WPP's Sorrell is 4th Highest Paid CEO in the U.K.

WPP's debt is basically junk. CEO Martin Sorrell has laid off 7,800 people from his agencies. Revenues are down 8 percent. He's planning even more layoffs at Ogilvy & Mather, JWT, Grey Group et al. And his company's stock trades at $44.14, down 42 percent from a high of about $76 from two years ago.

Yet Sorrell is better paid than the boss of Tesco, one of the UK's biggest supermarket chain. He's better paid than the head of GlaxoSmithKline. Here's a chart from The Guardian, which put together an analysis of Sorrell's pay:

(Click to enlarge.) His compensation has actually declined. Here's a snapshot of its recent progress:

  • 2009: £19.7m
  • 2008: £23.4m
  • 2005: £52m.
The Guardian notes:
Sorrell's near-£20m pay package in the context of thousands of job losses, is just part of the controversy surrounding the ad man's pay. This year he saw off an investor revolt against a controversial bonus scheme that could see him pocket £60m over the next five years.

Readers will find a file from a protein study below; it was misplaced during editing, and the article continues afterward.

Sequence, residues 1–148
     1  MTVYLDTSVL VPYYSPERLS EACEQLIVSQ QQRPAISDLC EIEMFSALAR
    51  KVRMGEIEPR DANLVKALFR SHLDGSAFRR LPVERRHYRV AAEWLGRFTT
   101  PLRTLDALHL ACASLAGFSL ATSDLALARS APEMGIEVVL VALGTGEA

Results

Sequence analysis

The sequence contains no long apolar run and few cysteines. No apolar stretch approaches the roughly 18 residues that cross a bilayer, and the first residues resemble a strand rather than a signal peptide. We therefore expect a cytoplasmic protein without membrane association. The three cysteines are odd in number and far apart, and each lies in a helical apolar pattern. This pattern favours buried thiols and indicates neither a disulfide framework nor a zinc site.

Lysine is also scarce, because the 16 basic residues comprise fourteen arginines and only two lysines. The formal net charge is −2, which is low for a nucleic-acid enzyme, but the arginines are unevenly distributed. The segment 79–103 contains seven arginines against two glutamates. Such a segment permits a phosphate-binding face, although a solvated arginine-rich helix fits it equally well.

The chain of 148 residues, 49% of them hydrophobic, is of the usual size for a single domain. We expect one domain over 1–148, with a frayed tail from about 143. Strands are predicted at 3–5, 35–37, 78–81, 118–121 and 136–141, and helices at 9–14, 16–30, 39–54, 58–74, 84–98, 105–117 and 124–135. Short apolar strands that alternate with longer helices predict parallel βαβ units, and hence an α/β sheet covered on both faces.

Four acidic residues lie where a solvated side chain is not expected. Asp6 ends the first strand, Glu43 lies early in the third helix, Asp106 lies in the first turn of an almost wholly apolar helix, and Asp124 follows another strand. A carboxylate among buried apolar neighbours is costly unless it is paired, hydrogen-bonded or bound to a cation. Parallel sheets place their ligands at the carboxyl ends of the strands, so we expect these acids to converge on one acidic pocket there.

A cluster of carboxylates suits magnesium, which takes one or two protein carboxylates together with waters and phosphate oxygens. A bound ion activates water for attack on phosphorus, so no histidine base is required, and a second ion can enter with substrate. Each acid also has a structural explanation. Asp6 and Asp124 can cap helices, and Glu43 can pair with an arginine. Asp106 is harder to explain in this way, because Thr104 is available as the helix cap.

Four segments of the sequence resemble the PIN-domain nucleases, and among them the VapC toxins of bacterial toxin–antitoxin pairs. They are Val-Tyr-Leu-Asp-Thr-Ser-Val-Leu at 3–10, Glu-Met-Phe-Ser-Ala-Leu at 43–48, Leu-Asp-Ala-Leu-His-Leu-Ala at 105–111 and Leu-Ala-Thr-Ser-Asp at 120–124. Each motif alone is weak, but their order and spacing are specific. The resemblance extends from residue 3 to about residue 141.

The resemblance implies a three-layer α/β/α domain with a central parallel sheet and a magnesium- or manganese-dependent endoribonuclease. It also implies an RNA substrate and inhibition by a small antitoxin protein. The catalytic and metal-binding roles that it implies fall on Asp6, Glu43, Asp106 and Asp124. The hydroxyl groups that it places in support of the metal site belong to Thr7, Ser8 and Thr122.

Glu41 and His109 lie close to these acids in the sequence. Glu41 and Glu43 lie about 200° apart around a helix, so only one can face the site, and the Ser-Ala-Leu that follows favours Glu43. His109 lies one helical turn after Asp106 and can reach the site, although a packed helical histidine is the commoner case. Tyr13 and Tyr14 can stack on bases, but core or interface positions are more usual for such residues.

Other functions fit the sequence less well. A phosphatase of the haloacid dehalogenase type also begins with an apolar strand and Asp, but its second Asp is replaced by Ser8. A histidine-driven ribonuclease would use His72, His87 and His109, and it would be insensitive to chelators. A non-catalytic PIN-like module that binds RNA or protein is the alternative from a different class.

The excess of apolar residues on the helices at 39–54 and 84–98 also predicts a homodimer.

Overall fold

That revolt was spurred in part by the fact that Sorrell's new pay scheme -- in which he must buy and hold WPP stock, in return for a chance to be rewarded five-fold if WPP comes out ahead of competing stocks -- offers Sorrell potential returns that no actual WPP investor could ever hope to get. As BNET noted previously, it does not reward him for making WPP stock go up. Rather, all WPP has to do is outperform its peers (IPG, OMC, etc). If all the advertising stocks went down but WPP went down the least, Sorrell would still cash in. In other words, WPP shareholders could still lose their shirts by investing with Sorrell, and yet in five years' time Sorrell would nonetheless come out a gazillionaire.

And as WPP has paid Sorrell £100 million over the last five years, asking him to invest £12.5 million as part of his own compensation package isn't much of a bet.